Now that coach or carriage driving is no longer an everyday sight, there are fewer opportunities for the public to see draught and harness horses at work. However, that’s not the only reason that a team of high-stepping Gelderland horses drawing a vehicle always makes people stop and stare. These tall horses with the proud head carriage are exceptionally impressive light draught warmbloods, and that is one of the main reasons people buy a Gelderland. Their contribution to other equestrian activities, particularly show jumping, is less well known. All the same, experienced breeders and trainers who sell a Gelderland fully appreciate the extent of their athletic capabilities. They are very agreeable horses, too!
Origin and history of breeding Gelderlands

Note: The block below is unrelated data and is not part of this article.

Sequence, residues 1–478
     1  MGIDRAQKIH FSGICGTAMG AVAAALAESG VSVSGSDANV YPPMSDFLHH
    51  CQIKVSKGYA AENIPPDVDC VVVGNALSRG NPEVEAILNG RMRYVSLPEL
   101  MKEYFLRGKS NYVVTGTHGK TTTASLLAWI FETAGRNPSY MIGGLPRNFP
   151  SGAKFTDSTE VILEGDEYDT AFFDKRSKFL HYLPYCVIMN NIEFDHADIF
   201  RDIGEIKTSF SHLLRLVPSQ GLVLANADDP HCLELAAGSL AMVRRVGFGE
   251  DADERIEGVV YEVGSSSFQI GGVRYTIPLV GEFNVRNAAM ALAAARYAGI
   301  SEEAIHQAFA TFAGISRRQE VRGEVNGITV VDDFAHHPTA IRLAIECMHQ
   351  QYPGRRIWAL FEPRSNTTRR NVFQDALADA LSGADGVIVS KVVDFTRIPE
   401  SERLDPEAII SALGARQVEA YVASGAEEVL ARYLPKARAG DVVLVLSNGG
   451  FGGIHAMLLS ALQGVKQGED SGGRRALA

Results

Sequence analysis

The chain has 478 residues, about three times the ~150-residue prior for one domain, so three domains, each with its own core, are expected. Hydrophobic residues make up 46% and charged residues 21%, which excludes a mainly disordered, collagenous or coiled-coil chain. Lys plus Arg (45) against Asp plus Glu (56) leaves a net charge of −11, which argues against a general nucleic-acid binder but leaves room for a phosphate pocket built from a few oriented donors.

The breed originated in the Dutch province of Gelderland, an agricultural region in the centre of the Netherlands. The original Gelderland, or Gelderlander, was bred to be a good all-round farm horse that also had an impressive presence when in harness. The foundation mares were local and from early times onward, stallions of the outstanding European breeds of the period such as Andalusians, Neapolitans and Anglo-Normans were used. In the nineteenth century, Thoroughbred, Norfolk Roadster, East Friesian, Oldenburg and Hackney horses were added to the mix, along with Holsteins and, later, Selle Français. The Dutch breeders had an open and practical approach to breeding and this brought great results. The outcome was a very distinctive horse, with a ground-covering, elevated trot, high head-carriage and outstanding presence. In profile, their long heads are straight or convex, often giving them a noble, Roman-nosed look. Breeders selected for horses with white facial markings and white legs, as these add to the overall impression of flashing, lively movement as the Gelderlands trot down the road. They have excellent feet and are usually very healthy, long-lived horses. Another notable feature of the breed is the high withers at the end of their beautifully arched necks. The success of the modern Gelderland is also a testament to the ability of its breeders to adapt, particularly when increasing mechanisation threatened the horses with extinction in the post-WWII period. This was when the first Dutch warmblood sports horses began to make a name in international competition, and a new studbook, the Warmbloed Paarden-stamboek in Nederland, was set up. This gained royal recognition from Queen Beatrix in 1988 and now the general term KWPN is applied to all Dutch warmbloods, including Gelderlands.